12/31/19 – 21.5% abnormally dry or worse, 2.6% severe drought or worse.

The following states had 50% or more of their land area categorized by the December 29, 2020, Drought Monitor as being in severe-or-worse drought:

Arizona = 98%;
California = 74%;
Colorado = 94%;
Nebraska = 51%;
Nevada = 92%;
New Mexico = ~100% (99.6%);
North Dakota = 69%;
Oregon = 70%;
Texas = 50%;
Utah = 97%;
Wyoming = 54%.

Following is part of the nationwide summary by the Drought Monitor earlier in December 2020 (December 8, 2020, report) on dry conditions in the western United States, particularly Arizona and California:

            “This U.S. Drought Monitor week saw intensification of drought across parts of the western U.S. including California, Nevada, and Colorado, where precipitation has been below normal since the beginning of the Water Year (Oct 1).  In California, statewide snow water content (SWE) is currently at 36% of the historical average for the date (Dec 7) and Water-Year-to-Date (WYTD) precipitation (statewide) is ranging from the bottom 10% to the bottom 33% with some areas in the Mojave Desert experiencing the driest on record for the period.  According to NOAA’s National Centers for Environmental Information (NCEI), the 6-month period from June to November 2020 was the hottest and driest on record for both Arizona and California.”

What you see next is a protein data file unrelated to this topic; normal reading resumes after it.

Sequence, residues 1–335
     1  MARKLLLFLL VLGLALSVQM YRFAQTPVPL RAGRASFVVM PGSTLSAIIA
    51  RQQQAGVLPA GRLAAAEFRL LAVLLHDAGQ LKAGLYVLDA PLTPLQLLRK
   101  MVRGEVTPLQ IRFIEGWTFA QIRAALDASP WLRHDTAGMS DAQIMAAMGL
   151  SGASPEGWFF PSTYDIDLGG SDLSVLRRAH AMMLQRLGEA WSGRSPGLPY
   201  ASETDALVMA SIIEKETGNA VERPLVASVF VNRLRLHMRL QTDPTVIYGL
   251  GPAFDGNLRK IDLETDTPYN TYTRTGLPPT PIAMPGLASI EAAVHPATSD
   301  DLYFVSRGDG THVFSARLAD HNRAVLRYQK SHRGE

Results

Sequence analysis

Following is part of the Southeast Region comments earlier in December 2020 (December 8, 2020, report) on wet conditions in fall 2020 across the region, including in Virginia:

            “According to NOAA NCEI climatological rankings, the September-November 2020 period was marked by above-normal precipitation across the Southeast with statewide precipitation ranks (where 1=driest on record and 126=wettest on record) for the period as follows: Virginia–123, North Carolina–118, South Carolina–107, Georgia–110, Alabama–104, and Florida–117.”


For a look ahead, the National Weather Service/Climate Prediction Center’s “U.S. Seasonal Drought Outlook” is available at  Shown below is the outlook map available on December 31, 2020.